When you hear the word “coal,” what do you think of? An industry that has more than doubled in productivity since 1980? A fuel whose use has increased by 80 percent, while the nation’s air quality has steadily shown improvement since 1971? Or, an energy resource that provides over half of all the electricity used in the United States each day and over 80 percent of the electricity in Utah? Coal is America’s most readily available, least expensive, major fossil fuel resource, and it plays a vital role in our nation’s economy.

The Formation of Coal

Coal is classified by geologists as a mineral. But most minerals, like salt or iron ore, were formed by inorganic matter. Coal, on the other hand, came from organic matter-plants, that lived about 300 million years ago.

During the Pennsylvanian Period in Earth’s history, the Earth was covered with huge swampy forests of giant ferns, reeds and mosses, which grew taller than our tallest trees today. As these plants died and fell into the swamp water, new plants grew to take their place and when these plants died, still others grew. In time, there was a thick layer of dead, decaying plants in the water.

The surface of the earth also changed and dirt washed into the water covering the dead plants, preventing them from completely decomposing. More plants grew, but they too died and fell into the water, forming a separate layer of dead decaying plants which over time were also covered by sediments, preventing their complete decomposition. After millions of years, many layers had formed one on top of the other.

The weight of the overlying layers compressed the lower layers of plant matter, forming peat. Heat and pressure caused by the overlying sediments produced chemical changes in the peat, forcing out oxygen and hydrogen, leaving behind rich carbon deposits-coal. Geologists estimate that a layer of plants 20 feet thick may have been required to form a coal seam one foot thick. Coal seams vary in thickness, ranging from only a few inches thick to more than 100 feet in thickness.


Types of Coal

Coal is a very complex and diverse energy resource that can vary greatly, even within the same deposit. In general, there are four basic varieties of coal, which are the result of geologic forces having altered plant material in different ways. These varieties descended from the first stage in the formation of coal: the creation of peat or partially decomposed plant material.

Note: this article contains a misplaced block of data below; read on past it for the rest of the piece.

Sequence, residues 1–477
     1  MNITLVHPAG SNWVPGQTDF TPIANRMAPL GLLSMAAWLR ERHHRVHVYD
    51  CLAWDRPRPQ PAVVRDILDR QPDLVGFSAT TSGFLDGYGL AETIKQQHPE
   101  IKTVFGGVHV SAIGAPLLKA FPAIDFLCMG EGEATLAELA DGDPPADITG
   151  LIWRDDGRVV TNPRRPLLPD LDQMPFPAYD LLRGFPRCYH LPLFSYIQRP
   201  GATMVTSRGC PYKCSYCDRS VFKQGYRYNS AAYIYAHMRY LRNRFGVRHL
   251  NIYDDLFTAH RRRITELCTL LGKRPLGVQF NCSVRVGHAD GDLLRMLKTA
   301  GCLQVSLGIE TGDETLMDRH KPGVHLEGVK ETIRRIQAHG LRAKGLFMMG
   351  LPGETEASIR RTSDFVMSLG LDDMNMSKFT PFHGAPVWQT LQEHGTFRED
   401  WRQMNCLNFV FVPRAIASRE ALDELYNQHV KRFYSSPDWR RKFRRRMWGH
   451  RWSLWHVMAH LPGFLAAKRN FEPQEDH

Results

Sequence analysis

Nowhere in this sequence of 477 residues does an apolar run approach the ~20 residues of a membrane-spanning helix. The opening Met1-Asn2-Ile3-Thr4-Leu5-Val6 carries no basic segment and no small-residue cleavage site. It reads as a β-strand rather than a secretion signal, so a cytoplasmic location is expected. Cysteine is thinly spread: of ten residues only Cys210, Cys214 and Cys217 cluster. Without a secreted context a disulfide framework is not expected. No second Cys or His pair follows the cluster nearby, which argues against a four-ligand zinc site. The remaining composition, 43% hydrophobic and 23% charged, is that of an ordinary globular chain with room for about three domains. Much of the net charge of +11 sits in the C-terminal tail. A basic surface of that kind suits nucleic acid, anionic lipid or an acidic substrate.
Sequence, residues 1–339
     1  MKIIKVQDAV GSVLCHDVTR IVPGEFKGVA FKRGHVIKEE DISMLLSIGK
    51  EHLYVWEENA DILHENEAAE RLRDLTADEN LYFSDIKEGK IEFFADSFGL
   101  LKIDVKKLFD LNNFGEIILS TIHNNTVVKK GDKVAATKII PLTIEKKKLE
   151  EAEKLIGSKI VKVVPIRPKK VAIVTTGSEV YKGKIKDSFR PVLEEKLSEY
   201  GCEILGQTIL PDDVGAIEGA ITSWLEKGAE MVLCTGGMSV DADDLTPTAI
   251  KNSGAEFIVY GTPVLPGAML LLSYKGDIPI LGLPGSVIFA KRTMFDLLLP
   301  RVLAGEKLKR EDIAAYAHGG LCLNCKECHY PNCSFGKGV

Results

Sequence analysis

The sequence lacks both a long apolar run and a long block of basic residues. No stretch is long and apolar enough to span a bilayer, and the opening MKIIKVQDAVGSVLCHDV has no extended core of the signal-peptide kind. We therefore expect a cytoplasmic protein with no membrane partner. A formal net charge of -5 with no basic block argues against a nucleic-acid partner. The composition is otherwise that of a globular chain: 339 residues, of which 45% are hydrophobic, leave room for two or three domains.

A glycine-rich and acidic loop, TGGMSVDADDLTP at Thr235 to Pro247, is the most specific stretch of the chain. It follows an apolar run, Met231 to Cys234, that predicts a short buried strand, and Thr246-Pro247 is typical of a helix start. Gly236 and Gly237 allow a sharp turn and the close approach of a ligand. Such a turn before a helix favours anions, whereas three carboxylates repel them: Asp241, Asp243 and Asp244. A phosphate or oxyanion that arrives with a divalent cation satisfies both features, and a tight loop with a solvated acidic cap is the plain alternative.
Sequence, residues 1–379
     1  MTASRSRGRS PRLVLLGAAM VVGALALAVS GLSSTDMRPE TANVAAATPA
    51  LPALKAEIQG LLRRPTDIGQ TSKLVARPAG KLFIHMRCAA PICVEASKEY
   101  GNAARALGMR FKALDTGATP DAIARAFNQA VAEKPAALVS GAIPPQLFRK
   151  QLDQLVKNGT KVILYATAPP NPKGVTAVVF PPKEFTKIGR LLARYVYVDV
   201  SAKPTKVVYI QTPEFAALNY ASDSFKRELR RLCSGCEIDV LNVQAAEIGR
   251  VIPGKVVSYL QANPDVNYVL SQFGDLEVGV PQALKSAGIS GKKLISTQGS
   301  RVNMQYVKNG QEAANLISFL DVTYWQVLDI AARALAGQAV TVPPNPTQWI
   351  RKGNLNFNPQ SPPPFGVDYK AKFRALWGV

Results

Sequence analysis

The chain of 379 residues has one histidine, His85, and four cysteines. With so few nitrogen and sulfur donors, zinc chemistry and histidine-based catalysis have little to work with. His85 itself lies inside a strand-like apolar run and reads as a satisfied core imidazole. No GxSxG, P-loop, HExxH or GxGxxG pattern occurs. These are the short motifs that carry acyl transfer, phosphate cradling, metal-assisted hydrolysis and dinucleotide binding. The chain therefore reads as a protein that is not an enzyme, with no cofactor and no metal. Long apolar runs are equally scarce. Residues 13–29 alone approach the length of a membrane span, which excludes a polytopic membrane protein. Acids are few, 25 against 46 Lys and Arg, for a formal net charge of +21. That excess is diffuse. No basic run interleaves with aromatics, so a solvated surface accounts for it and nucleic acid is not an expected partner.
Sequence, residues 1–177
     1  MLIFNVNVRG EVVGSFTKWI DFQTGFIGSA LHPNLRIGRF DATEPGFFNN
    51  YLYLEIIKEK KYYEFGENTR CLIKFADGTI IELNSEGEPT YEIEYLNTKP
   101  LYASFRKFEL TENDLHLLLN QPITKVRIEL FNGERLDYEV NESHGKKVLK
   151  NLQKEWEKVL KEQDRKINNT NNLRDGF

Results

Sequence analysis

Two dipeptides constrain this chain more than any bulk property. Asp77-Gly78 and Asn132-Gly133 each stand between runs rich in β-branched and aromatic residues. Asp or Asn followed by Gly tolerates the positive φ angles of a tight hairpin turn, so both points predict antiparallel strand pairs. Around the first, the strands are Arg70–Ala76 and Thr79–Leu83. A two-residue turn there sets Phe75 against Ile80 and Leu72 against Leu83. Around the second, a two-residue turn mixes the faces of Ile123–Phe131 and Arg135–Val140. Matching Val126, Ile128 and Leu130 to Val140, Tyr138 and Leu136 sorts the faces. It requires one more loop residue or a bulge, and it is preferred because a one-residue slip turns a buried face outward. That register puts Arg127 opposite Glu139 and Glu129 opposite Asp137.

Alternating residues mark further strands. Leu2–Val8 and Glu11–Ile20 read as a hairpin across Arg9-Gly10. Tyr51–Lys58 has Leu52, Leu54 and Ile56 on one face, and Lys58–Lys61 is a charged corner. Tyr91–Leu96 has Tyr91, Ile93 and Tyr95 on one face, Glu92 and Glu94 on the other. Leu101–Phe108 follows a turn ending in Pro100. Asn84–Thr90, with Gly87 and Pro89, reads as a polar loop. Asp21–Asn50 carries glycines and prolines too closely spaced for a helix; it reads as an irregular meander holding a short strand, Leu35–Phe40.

Increased pressures and heat from overlying strata caused buried peat to dry and harden into lignite. Lignite is a brownish-black coal with generally high moisture and ash content and lower heating value. Geologically, is the youngest and the lowest ranked coal, containing 25 to 35 percent carbon and the lowest heating value -4,000 to 8,300 Btus per pound. However, it is an important form of energy for generating electricity, particularly in the American Southwest, and to produce synthetic natural gas and liquids. Lignite is found in the Gulf Coast and Northern Plains of the United States. Lignite reserves account for 9 percent of the United States’ coal reserves.


Under still more pressure, some lignite was changed into the next rank of coal: subbituminous. This coal is a combustible mineral formed from the remains of trees, ferns and other plants that existed and died during the time of the dinosaurs. A dull black coal with a higher heating value than lignite that is used primarily for generating electricity and for space heating. It contains about 35 to 45 percent carbon and has a heating value between 8,300 to 11,500 Btus per pound. Subbituminous coal is predominately found in Utah, Montana, Wyoming, Colorado, New Mexico, Washington, and Alaska. Subbituminous coal accounts for about 37 percent of the coal reserves in the United States.


Sometimes called “soft coal” it is the most common type of coal found in the United States. It is 45 to 86 percent carbon, softer than anthracite, and has a heat content between 10,500 and 14,000 Btus per pound. This is the type most commonly used for electric power generation in the U.S. and for producing coke for the steel industry. About 52 percent of the United States’ coal reserves are bituminous coal.


Sometimes called ‘hard coal,” anthracite was formed from bituminous coal when great pressures developed in folded rock strata during the creation of mountain ranges. Anthracite has the highest energy content of all coals. It contains 86 to 97 percent carbon, and has a heat content of nearly 15,000 Btus (British thermal units) per pound. It is used for space heating and generating electricity. There are about 7.3 billion tons of anthracite reserves, located in 11 counties of northeastern Pennsylvania. Anthracite accounts for about 2 percent of the coal reserves in the United States. All coal has carbon and sulfur to some degree. Coal that was formed in swamps covered by seawater contains a higher sulfur content; low sulfur coal was generally formed under freshwater conditions.